Q: I think my wife is jealous of our twin 14-year-old daughters. Strangers comment on how beautiful they are, while my wife has gotten very critical of their appearance (hair, clothes, everything). I think part of it isn’t typical mother-daughter stuff, and more that she feels threatened. Of course, as her husband, I can’t bring this up, but I can’t keep taking their side, either.
A: No doubt there are complicated feelings involved with watching your daughters grow into supermodels. But it doesn’t have to just be about jealousy – it could also be about the passage of time and mortality, fears of them being sexualized too quickly, or feeling no longer needed.
Still, your daughters don’t deserve to be picked apart. Find a time when your wife is in a good mood and raise the issue. Don’t be accusatory. Just explain that you’re trying to create a supportive environment. It doesn’t matter that you have a Y chromosome; you’re part of the family and are affected by the relationships therein. And if your wife could use some professional help in developing a healthy relationship with her teenagers, she certainly wouldn’t be the only one.
Q: I’ve struggled with OCD-related issues in the past that I’ve worked through with some self-help work. My symptoms had to do with counting things and needing everything to be symmetrical. For the past year, I’ve been struggling with some disturbing sexual thoughts. They are repulsive and come up almost constantly. I’m wondering whether or not the same type of self-help techniques might work.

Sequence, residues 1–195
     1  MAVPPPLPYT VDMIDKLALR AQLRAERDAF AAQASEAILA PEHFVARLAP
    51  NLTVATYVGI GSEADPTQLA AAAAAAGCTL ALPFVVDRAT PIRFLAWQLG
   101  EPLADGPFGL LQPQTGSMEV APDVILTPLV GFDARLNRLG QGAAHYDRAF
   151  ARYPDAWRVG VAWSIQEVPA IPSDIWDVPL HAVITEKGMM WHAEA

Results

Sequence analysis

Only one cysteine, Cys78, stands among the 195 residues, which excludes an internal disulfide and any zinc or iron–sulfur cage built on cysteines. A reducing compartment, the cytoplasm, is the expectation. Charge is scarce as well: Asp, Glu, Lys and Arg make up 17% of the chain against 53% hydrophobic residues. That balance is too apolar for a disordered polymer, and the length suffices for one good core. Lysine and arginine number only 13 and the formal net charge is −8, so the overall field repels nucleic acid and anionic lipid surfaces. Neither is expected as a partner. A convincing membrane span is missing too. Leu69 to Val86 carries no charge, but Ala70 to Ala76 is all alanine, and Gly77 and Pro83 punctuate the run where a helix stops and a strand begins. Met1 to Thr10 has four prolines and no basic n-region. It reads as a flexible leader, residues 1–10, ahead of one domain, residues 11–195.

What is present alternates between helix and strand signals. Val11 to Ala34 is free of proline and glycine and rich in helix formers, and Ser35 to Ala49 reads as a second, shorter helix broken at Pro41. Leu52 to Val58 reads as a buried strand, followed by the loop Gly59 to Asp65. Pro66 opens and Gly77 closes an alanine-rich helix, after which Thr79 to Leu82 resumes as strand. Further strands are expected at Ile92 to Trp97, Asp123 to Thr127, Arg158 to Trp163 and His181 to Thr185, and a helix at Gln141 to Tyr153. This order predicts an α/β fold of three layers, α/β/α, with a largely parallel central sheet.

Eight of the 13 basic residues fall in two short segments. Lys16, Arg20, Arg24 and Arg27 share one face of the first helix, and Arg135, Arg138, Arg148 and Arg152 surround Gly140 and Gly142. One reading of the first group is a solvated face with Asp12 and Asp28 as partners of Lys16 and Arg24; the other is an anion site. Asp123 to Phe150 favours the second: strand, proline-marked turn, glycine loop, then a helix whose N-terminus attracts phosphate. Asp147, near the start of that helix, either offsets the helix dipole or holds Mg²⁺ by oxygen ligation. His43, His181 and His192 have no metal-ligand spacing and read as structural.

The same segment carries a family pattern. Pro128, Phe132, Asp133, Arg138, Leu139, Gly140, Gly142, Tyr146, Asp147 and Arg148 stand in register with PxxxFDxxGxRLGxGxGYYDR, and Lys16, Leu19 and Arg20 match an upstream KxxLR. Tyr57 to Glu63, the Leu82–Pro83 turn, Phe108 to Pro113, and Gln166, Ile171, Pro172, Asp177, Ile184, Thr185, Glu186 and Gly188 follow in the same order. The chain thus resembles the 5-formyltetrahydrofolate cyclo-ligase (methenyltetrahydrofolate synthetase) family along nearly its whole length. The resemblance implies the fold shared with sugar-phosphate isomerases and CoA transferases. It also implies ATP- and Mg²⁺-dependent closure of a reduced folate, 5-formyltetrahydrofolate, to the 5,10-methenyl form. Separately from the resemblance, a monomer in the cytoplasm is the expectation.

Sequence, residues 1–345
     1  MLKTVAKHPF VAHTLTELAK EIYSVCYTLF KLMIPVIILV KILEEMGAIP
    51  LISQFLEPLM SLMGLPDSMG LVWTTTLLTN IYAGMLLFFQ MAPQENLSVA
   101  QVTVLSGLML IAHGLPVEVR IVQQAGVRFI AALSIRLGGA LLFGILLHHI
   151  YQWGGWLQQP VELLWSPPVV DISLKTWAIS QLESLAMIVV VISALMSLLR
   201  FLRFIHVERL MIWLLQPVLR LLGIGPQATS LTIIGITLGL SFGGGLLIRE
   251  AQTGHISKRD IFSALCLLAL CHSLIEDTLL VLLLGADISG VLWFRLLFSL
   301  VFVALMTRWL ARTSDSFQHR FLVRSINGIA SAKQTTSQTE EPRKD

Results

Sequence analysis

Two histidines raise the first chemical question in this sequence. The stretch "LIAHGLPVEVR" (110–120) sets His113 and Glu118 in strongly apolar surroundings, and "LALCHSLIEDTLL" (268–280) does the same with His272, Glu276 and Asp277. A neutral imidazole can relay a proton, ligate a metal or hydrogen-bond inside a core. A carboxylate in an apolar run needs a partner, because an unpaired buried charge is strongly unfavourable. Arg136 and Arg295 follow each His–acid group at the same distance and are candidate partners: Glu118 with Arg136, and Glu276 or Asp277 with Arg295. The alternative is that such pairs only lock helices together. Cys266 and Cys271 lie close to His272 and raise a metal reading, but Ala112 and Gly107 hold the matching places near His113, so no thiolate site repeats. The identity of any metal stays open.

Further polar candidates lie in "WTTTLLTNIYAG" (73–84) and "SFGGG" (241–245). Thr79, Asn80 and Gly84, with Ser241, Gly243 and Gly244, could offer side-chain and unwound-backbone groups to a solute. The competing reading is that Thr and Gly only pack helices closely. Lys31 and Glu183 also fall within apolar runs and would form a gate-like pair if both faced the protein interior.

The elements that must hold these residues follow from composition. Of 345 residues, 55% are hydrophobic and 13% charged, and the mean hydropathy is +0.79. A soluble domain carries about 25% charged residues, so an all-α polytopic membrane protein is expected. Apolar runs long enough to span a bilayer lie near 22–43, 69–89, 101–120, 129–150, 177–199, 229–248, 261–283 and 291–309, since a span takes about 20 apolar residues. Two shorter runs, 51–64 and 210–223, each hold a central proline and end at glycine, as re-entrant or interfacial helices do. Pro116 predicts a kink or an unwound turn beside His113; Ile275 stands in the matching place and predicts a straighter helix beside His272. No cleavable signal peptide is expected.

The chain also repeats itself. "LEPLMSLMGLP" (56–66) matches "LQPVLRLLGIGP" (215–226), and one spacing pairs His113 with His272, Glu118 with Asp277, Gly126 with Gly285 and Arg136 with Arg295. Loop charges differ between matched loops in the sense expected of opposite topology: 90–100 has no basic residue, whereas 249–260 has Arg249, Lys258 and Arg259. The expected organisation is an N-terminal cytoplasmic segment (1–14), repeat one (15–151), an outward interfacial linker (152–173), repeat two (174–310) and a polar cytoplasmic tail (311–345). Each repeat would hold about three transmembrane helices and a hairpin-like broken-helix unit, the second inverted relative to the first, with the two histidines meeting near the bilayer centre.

A: If you were using workbooks that have their basis in cognitive behavioral therapy, then that could definitely be helpful. If you are using websites that say “Dare 2B OCD-FREE,” I’m guessing those won’t be as fantastic.
But I’m struck by the fact that you haven’t tried them yet, which leads me to believe you might need some help. You don’t mention if you are having compulsions (habits or rituals you must perform) connected to your obsessions (the intrusive thoughts). Sometimes compulsions are easier to attack. There is something called exposure-and-response prevention that is sometimes doable on your own, but why not have the extra support of a therapist working with you?
Andrea Bonior is a psychologist and author of “The Friendship Fix.” www.drandreabonior.com
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